Furthermore, Sepulveda Blvd., Centinela Blvd. and other major rail bridges will be constructed rapidly over the course of the next year, and with utility relocations being expedited, thanks to a new group of contractors for Phase 2 of the line that are as cost-effective and innovative as anyone could hope for.
But the greatest threat to the Expo Line—and to creating taxpayer support for a light rail system to serve the Westside—are enabling LA City and other planners who do not limit-set with developers who are more interested in profits than creating appropriate transit-oriented developments.
The most aggressive and problematic developers are, as I’ve opined at length, the Casden developers who are building a car-oriented, and not a transit-oriented, project at Exposition/Sepulveda which is an excellent location (and zoned!) for a commercial/industrial jobs center, but a poor location for a megadense housing project.
The future Exposition/Sepulveda station is virtually under the 405 freeway, and the City of Los Angeles will incur significant liability for the health consequences of children and seniors breathing freeway fumes and debris. Furthermore, the size of the Casden Sepulveda project is such that its projected traffic will significantly obstruct commuters from accessing the Expo Line at that station.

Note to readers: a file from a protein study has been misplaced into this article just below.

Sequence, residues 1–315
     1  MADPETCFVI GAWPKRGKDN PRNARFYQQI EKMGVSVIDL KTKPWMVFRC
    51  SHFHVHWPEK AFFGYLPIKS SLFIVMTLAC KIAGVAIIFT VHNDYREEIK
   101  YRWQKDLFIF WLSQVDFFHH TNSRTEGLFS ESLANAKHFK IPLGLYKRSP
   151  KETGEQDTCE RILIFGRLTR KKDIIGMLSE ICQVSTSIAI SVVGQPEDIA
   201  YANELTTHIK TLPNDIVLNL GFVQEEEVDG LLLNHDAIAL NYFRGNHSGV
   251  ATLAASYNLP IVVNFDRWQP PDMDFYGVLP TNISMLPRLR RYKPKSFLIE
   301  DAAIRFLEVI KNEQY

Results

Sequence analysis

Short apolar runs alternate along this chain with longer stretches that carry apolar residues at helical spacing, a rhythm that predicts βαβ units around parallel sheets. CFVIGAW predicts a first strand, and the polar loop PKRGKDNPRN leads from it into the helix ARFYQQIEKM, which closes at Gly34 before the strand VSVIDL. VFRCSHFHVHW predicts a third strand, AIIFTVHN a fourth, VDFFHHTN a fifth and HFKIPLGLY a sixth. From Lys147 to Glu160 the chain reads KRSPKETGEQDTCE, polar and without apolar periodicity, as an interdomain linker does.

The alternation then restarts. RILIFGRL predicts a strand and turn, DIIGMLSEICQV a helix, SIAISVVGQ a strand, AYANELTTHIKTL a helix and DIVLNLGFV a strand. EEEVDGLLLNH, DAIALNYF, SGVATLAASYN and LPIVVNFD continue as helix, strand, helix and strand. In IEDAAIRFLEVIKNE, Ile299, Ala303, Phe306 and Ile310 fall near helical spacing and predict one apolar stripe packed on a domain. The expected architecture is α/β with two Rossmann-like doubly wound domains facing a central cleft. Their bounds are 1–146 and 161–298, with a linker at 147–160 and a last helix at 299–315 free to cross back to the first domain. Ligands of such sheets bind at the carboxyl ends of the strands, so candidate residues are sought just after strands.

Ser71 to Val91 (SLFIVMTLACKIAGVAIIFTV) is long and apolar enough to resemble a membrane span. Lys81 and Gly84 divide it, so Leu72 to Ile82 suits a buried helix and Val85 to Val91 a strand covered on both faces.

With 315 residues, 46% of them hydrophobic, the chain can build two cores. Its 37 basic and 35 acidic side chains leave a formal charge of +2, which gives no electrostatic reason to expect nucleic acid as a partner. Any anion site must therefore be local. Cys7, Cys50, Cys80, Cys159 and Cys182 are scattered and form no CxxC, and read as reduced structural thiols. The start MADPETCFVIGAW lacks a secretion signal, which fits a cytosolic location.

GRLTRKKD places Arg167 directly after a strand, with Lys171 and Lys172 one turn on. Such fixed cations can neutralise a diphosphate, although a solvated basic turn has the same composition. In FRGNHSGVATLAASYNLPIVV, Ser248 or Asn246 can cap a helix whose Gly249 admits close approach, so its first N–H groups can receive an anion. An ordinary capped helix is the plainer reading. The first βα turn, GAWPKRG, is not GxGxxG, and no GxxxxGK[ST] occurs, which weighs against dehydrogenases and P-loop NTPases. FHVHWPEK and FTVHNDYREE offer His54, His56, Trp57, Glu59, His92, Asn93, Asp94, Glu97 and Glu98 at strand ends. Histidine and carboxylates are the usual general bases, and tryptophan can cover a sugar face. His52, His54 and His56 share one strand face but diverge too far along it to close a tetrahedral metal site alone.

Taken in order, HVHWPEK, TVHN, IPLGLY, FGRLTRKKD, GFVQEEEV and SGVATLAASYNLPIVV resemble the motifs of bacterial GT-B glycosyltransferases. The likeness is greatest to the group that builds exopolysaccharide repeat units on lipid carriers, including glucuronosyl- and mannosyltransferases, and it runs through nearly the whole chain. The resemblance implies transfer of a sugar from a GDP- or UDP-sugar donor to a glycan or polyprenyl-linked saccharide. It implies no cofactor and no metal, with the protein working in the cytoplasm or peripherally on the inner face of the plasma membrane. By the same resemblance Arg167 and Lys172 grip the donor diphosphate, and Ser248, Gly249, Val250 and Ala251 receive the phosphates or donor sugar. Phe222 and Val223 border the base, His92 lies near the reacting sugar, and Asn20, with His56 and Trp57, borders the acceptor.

Yet the LA City Planning Commission meets on this project this Thursday, 2/28/2013 at 8:30 am at the Valley City Hall because there is no Westside City Hall, and impacted Westsiders and other rail/planning advocates will have to give up part or all of a day of work to attend.
This same LA City Planning Commission has opted to approve a new, altered project that the Casden Sepulveda developers proposed, but without allowing the public to view this new project—and despite its acknowledgement that it will have significant traffic and other negative impacts compared to a project built to zoning code.
The same Casden developers have donated $50,000 towards the ill-advised and poorly-timed Proposition A Citywide half-cent sales tax measure, and have tried to do a lobbying/fiscal end-run against Westside Councilmembers Bill Rosendahl and Paul Koretz (both of whom vigorously oppose the current Casden Sepulveda project).
But taxpayers can fight back, and Expo Line advocates and neighborhood advocates can fight back for densification that is appropriate and environmentally-sustainable. CD11 Councilmember-candidate Mike Bonin (currently Rosendahl’s chief of staff) favors (as does Koretz) a New Media jobs center at Exposition/Sepulveda.
As with a Westside Transportation Center that could be built at Exposition/Sepulveda, a New Media type of complex could provide jobs and be built without having to create contrived new zoning codes at this site.
So the grassroots and pro-light rail politicians must again fight for the Expo Line this Thursday at 8:30 am in the Valley—not for the existence of the Expo Line, but to prevent its despoilment and exploitation by inappropriate and dismissive developers…
…and to prevents despoilment and exploitation of the Expo Line by enabling land use planners obsessed with ideas that transportation planners, knowledgeable politicians such as Mike Bonin, Bill Rosendahl and Paul Koretz, and the taxpayers know to all be patently false.
Vol 11 Issue 17
Pub: Feb 26, 2013